Martin Kaste Martin Kaste is a correspondent on NPR's National desk.

Trump Tops Agenda At Merkel Press Conference

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NPR's Foreign Correspondents On Trump's Criticism Of Europe's Immigration Policy

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Some Germans Think President Trump Is Affecting Their Domestic Politics

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President Trump Criticizes Germany For Pipeline Deal With Russia

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LAPD Deputy Chief Dennis Kato tracks crime statistics in near real time and searches across databases using new, more powerful analytics tools. Martin Kaste/NPR hide caption

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How Data Analysis Is Driving Policing

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In this video, Amazon's Ranju Das demonstrates real-time facial recognition to an audience. It shows video from a traffic cam that he said was provided by the city of Orlando, where police have been trying the technology out. Amazon Web Services Korea via YouTube/Screenshot by NPR hide caption

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Amazon Web Services Korea via YouTube/Screenshot by NPR

Orlando Police Testing Amazon's Real-Time Facial Recognition

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Okanogan County Chief Criminal Deputy Steve Brown surveys the debris left over from an illegal pot farm that had masqueraded as a legal operation. Martin Kaste/NPR hide caption

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Despite Legalization, Marijuana Black Market Hides In Plain Sight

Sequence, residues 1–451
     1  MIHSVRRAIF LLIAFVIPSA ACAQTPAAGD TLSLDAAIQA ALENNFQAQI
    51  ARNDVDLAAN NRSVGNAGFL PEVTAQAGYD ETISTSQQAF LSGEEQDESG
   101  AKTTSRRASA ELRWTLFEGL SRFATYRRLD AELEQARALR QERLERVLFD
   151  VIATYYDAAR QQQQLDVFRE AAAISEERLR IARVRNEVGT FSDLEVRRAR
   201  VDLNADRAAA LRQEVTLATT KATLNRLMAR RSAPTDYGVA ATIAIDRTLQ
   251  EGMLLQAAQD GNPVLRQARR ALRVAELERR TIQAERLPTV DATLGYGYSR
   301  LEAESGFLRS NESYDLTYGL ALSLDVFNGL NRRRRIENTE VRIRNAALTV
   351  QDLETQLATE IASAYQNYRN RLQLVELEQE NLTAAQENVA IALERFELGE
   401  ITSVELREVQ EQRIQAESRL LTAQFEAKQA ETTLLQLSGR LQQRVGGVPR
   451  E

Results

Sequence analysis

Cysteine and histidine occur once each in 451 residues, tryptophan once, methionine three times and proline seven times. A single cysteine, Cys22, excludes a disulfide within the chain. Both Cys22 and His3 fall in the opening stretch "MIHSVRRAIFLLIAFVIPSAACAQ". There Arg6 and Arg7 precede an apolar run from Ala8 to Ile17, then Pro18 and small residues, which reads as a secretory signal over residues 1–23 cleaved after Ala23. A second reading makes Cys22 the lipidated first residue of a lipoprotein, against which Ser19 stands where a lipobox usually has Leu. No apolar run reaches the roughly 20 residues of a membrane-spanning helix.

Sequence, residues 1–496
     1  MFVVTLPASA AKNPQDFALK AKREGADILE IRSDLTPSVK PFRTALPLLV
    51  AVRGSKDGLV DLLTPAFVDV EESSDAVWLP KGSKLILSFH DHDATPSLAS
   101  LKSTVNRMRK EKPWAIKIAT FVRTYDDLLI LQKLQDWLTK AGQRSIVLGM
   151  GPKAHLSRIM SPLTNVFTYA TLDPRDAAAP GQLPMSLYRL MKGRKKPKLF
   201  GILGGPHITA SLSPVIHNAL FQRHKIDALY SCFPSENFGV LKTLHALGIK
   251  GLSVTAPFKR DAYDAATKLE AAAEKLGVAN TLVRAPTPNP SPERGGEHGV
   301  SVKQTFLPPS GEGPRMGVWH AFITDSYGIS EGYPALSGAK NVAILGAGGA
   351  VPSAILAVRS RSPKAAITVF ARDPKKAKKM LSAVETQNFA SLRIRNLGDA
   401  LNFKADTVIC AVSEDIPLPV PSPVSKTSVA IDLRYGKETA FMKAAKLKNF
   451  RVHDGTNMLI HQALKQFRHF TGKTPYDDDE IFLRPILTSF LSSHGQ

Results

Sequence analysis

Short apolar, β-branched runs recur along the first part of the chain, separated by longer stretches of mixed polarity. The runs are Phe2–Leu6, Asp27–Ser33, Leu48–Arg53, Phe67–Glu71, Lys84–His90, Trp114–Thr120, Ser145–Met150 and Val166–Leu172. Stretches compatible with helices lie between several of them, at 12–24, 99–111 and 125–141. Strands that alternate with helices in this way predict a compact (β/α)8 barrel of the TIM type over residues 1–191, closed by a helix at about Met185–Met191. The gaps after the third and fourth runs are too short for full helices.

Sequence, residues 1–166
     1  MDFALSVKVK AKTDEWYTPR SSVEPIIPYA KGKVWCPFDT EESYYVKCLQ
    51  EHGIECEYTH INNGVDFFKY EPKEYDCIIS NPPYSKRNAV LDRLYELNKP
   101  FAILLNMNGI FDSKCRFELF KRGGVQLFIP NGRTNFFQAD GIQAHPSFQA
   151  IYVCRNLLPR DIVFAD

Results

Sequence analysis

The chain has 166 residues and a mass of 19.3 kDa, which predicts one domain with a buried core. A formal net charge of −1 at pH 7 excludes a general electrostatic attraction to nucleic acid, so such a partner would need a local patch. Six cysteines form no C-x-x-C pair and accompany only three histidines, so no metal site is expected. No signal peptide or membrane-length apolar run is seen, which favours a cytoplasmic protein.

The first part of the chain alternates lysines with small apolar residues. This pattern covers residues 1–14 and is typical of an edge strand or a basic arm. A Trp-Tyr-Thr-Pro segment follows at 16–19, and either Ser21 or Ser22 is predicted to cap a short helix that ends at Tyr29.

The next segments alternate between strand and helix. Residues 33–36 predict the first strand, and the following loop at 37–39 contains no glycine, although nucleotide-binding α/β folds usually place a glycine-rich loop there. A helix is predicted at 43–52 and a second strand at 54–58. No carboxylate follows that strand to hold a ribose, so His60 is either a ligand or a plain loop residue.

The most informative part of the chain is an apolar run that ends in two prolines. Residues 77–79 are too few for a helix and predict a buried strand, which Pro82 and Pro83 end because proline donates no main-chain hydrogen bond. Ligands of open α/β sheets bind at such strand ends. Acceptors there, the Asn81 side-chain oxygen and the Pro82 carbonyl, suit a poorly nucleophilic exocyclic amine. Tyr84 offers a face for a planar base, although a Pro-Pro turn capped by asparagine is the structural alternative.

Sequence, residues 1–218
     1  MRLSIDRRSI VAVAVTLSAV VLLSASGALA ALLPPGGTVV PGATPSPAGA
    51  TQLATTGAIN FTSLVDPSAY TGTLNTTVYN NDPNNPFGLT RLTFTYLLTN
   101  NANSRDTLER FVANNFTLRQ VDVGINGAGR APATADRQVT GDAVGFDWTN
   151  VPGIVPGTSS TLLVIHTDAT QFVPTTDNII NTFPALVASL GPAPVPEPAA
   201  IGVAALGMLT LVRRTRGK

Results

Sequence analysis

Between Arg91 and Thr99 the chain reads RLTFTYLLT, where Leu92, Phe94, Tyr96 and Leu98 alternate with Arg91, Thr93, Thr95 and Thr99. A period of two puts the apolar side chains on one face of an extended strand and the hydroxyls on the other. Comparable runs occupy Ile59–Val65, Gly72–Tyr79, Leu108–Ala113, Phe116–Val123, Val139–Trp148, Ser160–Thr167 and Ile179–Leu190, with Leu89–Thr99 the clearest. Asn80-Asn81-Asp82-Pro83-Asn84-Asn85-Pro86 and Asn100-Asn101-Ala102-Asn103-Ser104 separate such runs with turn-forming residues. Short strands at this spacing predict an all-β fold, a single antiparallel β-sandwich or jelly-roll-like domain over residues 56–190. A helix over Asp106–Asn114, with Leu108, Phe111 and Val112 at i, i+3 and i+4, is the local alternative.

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NEC Corporation of America already supplies many American jurisdictions with still photo facial recognition. Now the company says it's getting law enforcement inquiries about its real-time facial recognition. Martin Kaste/NPR hide caption

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Real-Time Facial Recognition Is Available, But Will U.S. Police Buy It?

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Why The Waffle House Shooting Suspect Had Access To Guns After His Were Seized

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Hundreds of BLM protesters marched through the streets of Sacramento on March 30 demanding justice for Stephon Clark, who was shot and killed by Sacramento police on March 18. An independent autopsy commissioned by the Clark family revealed that Stephon Clark had been shot eight times with most of the shots hitting him in the back. Justin Sullivan/Getty Images hide caption

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After Stephon Clark Shooting, Questions Remain About Police Use Of Force

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Policing Since Ferguson: What's Changed?

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Sacramento Residents Concerned Over Video Showing Police Shooting Unarmed Man

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Chris W. Cox, executive director of the NRA's Institute for Legislative Action, speaks during the Conservative Political Action Conference last year. Alex Wong/Getty Images hide caption

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